In this tutorial I will guide you through the process of creating and self-signing a SSL certificate, installing that certificate in Apache, and configuring Apache for SSL.

This tutorial assumes that you have already installed Apache.

Install OpenSSL

This is required to create SSL Certificates:

sudo apt-get install openssl

Create SSL Certificate

Generate a server key:

cd /etc/apache2sudo mkdir sslcd sslsudo openssl genrsa -des3 -out server.key 4096

You will be prompted for a pass phrase. This can be whatever you want. You will need to enter this pass phrase when doing things with this SSL Certificate later.

Create a version of the server key that does not require a password:

sudo openssl rsa -in server.key -out server.key.insecuresudo mv server.key server.key.securesudo mv server.key.insecure server.key

Protect these files by setting the owner to root and setting the strictest possible file permissions:

cd /etc/apache2/sslsudo chown root:root *sudo chmod 000 *

Self-Sign SSL Certificate

Create a Certificate Signing Request for your server key:

openssl req -new -key server.key -out server.csr

You will be prompted to enter a series of information such as Country Name, State or Province Name, etc. Since you're Self-Signing this SSL Certificate and using it for your local development environment, or a remote testing environment, this can be whatever you want.

Now sign the Certificate Signing Request:

openssl x509 -req -days 365 -in server.csr -signkey server.key -out server.crt

Configure Apache for SSL

Enable mod_ssl in Apache:

cd /etc/apache2/mods-enabledsudo ln -s ../mods-available/ssl.load ssl.loadsudo ln -s ../mods-available/ssl.conf ssl.conf

Edit Apache's default SSL configuration file:

cd /etc/apache2/sites-availablesudo vim default-ssl

Change the following line:

SSLCertificateFile /etc/ssl/certs/ssl-cert-snakeoil.pem


SSLCertificateFile /etc/apache2/ssl/server.crt

And this line:

SSLCertificateKeyFile /etc/ssl/private/ssl-cert-snakeoil.key


SSLCertificateKeyFile /etc/apache2/ssl/server.key

Using the Password-Protected Server Key

If you want to use the password-protected server key instead, change the last line you modified of the default SSL configuration file to the following:

SSLCertificateKeyFile /etc/apache2/ssl/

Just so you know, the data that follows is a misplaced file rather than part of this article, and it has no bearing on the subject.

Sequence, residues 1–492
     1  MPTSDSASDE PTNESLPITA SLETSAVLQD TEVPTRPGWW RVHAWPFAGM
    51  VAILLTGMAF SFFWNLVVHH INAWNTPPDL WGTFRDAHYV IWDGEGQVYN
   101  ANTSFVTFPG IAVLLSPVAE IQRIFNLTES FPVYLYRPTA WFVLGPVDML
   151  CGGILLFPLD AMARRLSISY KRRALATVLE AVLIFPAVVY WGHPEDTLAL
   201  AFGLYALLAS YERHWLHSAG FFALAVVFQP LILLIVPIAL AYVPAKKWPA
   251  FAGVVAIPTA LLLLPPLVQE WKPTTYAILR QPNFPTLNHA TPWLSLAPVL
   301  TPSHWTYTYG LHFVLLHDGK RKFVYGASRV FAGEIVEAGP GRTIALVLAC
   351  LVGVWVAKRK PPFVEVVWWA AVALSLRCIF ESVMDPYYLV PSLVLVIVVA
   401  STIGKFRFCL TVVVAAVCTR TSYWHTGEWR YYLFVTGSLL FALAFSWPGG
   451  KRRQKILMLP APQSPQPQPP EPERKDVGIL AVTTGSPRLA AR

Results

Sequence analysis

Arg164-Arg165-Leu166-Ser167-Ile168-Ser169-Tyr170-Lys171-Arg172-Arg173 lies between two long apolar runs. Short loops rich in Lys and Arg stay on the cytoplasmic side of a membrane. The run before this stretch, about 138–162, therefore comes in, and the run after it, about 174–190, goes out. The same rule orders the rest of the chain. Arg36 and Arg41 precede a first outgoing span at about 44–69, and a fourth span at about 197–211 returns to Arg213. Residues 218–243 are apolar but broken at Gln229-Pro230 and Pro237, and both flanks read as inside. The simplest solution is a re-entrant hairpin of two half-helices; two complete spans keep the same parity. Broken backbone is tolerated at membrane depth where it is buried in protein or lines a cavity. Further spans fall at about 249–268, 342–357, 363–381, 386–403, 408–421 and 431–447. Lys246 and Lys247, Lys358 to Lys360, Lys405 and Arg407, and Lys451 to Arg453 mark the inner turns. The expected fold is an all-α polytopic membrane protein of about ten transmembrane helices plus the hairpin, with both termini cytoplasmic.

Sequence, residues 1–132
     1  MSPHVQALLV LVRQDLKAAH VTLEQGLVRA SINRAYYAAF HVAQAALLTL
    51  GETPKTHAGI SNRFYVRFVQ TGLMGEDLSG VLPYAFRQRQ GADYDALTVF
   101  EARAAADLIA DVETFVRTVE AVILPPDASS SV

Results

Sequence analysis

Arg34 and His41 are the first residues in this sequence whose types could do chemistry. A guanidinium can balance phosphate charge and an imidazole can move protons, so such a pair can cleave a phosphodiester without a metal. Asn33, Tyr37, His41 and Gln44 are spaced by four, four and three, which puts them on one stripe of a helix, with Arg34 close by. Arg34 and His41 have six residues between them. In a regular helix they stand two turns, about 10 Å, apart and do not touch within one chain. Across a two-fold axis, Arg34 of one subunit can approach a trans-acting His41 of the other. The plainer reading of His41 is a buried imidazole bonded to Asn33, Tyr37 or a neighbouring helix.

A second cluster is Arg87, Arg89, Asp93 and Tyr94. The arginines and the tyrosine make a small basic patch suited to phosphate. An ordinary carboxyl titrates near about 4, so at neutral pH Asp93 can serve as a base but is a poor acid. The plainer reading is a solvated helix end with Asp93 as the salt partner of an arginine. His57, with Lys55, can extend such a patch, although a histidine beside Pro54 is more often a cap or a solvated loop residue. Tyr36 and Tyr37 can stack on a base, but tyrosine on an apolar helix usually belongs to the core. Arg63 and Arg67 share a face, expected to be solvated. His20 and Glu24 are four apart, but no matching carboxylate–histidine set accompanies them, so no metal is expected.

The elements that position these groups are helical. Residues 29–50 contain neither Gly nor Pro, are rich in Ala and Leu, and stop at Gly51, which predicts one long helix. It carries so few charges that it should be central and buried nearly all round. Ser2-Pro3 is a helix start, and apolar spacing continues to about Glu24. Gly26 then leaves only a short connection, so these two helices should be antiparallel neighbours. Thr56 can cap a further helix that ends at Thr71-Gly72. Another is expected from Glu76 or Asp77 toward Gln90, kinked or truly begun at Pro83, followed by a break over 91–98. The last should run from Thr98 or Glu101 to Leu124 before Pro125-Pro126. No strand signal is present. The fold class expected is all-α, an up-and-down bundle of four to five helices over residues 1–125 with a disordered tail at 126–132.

It's worth noting that if you use the password-protected server key, every time you restart/start Apache you will be prompted to enter its Pass Phrase.

Add symlink to SSL Configuration file in your sites-enabled directory:

cd /etc/apache2/sites-enabledsudo ln -s ../sites-available/default-ssl 000-default-ssl

Restart Apache:

sudo /etc/init.d/apache2 restart

Testing / Debugging

If things are working, you should be able to access the sites hosted on your server with secure HTTP. If you are on your local machine, try the following:


If you are using Chrome, you should be presented with a screen that says, "The site's security certificate is not trusted!" Just hit the "Process anyway" button and you'll be able to access your site with the new Self-Signed SSL Certificate. If you are getting the "SSL connection error" page, that means something is not configured properly. Here are some possible issues that could be preventing your SSL configuration from working properly:

The SSL Configuration file is not being included

How you go about checking this will vary, depending upon your Apache installation. Check Apache's primary configuration file, and make sure the default SSL configuration file is being included.

Something besides Apache could be listening to port 443

If you are working on your personal computer, the culprit is probably a messaging client such as Skype. Otherwise, it might be another web server installed on the machine. To find out quickly whether or not port 443 is being listened to by something besides Apache, you must first stop Apache:

sudo /etc/init.d/apache2 stop

Then use the following command to view what's going on with the computer's ports:

netstat -antp